Nalini Singh wrote a very interesting article on the structure of a series. In my head – brace yourselves, an author is gonna authorsplain to you how to read her books – the Kate series is one very long book with three parts. It breaks down like this:
Magic Bites, Magic Burns, Magic Strikes and Magic Bleeds – Kate the Merc.
Magic Slays, Magic Rises, and Magic Breaks – Kate the Consort.
Magic Shifts, Magic Verb I and Magic Verb II – Kate the Sharrim.
It wasn’t planned that way, but it ended up that way kind of naturally and by Magic Rises I was aware of the pattern. The first book in each part is setting the stage, so it’s probably less emotionally dire. Then the second book ramps up tension and the third/fourth finally resolves it. 🙂 It’s easier for me to think about the series in those terms.
You mentioned in your 5/26 blog needing to plan out the plot for your next book step by step. I’ve been really intrigued by what you are doing with Clean Sweep and Sweep in Peace–how clearly you must have to know where you are going from start to finish when you can’t go back and make changes. John Fowles wrote in the The French Lieutenant’s Woman about that moment in a novel when the characters take over, refusing to do what the author wants them to and making their own choices. I know you have more than enough writing to do that is more time-critical, but if you ever have a moment I’d love to hear if that ever happens to you and if you find yourself in tension with your characters when you’re writing a serial.
That never happens to me. This is not a democracy. Gordon and I are ruthless dictators, and we are always keenly aware that the characters aren’t really separate entities but simply the products of our imagination. I know that some people state that their characters rule their narrative and they are only helplessly recording, but I suspect it’s a shorthand for describing the creative process veering away from the prepared outline.
It is an interesting phenomenon and I think it happens because we change. Every day you are slightly different from the person you were yesterday and the one you will be tomorrow. You are affected by new unique events. What may seem like a good outline one day may appear to be stupid the next. Some people describe that as characters fighting against them. I view it more as a conflict between what the story should feel like and what it feels like now. Despite being logical, I operate mostly on emotion when I engage with books, our own and others’. My emotions change from day to day, sometimes drastically from hour to hour. Every day when you sit down to write, you run the risk that you mind will become fascinated by a different aspect of the story and sometimes, when you are struggling with the narrative, and suddenly your brain presents a different route to get where you are going, it feels like true, genuine inspiration.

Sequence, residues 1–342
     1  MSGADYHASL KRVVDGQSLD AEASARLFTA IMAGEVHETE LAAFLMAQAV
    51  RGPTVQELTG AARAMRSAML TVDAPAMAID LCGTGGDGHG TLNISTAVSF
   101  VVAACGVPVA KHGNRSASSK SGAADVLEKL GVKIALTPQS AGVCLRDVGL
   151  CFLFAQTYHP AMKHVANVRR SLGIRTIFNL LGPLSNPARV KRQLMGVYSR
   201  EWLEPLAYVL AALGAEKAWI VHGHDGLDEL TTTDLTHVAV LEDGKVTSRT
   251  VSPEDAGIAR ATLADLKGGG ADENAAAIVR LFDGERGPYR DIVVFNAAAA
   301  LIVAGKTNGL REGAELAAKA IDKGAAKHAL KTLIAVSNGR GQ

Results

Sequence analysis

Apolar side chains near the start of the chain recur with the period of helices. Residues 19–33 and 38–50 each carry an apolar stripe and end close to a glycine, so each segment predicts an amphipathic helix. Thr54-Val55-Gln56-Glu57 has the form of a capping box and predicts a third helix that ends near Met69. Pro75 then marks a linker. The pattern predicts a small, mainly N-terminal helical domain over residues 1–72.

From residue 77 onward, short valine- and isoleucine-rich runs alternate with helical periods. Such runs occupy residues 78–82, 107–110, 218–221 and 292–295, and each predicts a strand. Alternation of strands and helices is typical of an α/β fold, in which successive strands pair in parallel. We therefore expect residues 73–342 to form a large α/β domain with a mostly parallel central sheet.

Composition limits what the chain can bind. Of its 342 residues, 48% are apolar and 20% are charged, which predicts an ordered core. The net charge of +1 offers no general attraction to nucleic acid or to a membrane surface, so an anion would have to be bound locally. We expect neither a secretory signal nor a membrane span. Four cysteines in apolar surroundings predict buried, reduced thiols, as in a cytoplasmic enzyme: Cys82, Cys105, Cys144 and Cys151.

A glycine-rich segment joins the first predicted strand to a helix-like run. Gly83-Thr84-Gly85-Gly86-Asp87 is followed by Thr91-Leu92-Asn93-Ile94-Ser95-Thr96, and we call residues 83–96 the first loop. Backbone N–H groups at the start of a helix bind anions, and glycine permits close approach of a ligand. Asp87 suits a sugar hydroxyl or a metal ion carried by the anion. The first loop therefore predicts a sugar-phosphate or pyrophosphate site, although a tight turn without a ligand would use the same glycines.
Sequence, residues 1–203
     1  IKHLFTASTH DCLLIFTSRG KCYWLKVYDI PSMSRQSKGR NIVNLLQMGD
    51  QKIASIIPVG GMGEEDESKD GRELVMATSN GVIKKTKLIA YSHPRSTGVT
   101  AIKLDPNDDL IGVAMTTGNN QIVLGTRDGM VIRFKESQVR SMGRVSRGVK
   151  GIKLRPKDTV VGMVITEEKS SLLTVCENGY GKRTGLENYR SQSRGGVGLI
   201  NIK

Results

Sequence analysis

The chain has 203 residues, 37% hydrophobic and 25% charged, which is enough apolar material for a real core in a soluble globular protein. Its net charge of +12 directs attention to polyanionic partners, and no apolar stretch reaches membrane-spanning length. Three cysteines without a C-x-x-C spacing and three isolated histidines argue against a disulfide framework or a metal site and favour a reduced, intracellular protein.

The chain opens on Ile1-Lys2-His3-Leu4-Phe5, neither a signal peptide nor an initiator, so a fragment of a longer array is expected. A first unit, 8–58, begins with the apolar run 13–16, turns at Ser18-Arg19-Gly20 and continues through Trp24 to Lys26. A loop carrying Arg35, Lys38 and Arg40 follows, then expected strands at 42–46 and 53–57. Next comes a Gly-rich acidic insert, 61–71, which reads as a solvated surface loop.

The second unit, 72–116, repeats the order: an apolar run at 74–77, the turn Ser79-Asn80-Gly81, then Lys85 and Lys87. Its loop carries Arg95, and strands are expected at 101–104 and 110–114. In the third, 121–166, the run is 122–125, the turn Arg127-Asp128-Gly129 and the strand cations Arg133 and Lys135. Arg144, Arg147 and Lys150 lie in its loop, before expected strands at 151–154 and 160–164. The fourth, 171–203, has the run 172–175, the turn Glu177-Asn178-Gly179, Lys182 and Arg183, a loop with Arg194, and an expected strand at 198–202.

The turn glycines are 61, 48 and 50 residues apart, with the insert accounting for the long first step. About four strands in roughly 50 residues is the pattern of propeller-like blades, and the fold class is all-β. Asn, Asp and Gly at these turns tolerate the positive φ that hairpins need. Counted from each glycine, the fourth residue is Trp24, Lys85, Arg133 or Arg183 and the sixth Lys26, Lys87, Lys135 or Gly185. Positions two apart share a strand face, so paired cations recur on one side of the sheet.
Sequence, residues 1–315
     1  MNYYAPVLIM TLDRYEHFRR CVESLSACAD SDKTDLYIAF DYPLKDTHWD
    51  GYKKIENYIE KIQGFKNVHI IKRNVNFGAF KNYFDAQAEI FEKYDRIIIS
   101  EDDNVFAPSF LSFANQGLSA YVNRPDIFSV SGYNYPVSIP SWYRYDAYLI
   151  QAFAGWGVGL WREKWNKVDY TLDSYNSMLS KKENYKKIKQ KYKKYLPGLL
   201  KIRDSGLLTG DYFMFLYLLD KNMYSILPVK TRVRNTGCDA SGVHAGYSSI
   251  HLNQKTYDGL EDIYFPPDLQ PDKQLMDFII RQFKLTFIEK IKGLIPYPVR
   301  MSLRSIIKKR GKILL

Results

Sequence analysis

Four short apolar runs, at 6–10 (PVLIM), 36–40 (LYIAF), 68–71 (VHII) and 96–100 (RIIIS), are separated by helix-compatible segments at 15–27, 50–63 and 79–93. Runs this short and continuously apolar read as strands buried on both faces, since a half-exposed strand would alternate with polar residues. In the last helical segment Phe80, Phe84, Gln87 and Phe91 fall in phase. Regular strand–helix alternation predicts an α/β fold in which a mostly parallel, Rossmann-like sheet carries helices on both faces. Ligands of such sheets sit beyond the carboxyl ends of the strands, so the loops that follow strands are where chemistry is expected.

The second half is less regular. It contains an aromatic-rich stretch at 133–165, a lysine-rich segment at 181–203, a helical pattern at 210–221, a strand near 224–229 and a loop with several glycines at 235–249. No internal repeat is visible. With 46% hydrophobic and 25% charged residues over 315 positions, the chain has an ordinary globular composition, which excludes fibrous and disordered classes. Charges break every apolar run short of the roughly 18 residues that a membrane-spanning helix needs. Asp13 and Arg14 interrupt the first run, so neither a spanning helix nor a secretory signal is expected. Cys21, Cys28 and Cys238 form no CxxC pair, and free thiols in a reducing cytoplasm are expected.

For example, Jeaniene Frost and I were chatting about the challenge of taking the side characters and making them into main characters, and I mentioned Derek as an example. Derek is a great side character, but he felt a little flat to me. He is so straight forward that a novel with him as a narrator wouldn’t be very interesting. Then, a few hours later, I was tired and bored waiting for Gordon to get home, so I picked a movie on Amazon Prime, mostly because I didn’t have to wait for it. It was a badly written movie and I quit it thirty minutes in, but at some point a man describes an assassin zeroing in on someone almost as if he could smell they were still alive.
In that moment, I got Derek’s voice in my head. I will sketch a short with him if I get a moment later, so you could see what I meant. Was it inspiration from a movie? Was it because I subconsciously tried to work through the thorny problem of making Derek a main character? I don’t know and honestly it kind of doesn’t matter.
So to answer your question, we knew how Sweep in Peace would end. That’s why there is foreshadowing in the first few chapters. Actually there is so much foreshadowing that I felt we were beating people over the head with it. But the precise course of getting there was dictated by largely day to day brain storming and, to a lesser extent, by reader comments. If the majority of readers was confused to something, we knew we needed to clarify it within the next scene or two. The characters – as separate entities capable of making their own choices – had very little to do with it.
This may make it sound as if I am hyper-critical of people who “let their characters take the wheel” as one writer put it to me. I am not. The only thing that matters is the final product, the narrative. If it helps the writer to imagine their characters as separate entities capable of making their own choices, then by all means, the writer should let the characters take the wheel. In fiction, there is only one rule: if it works, do it.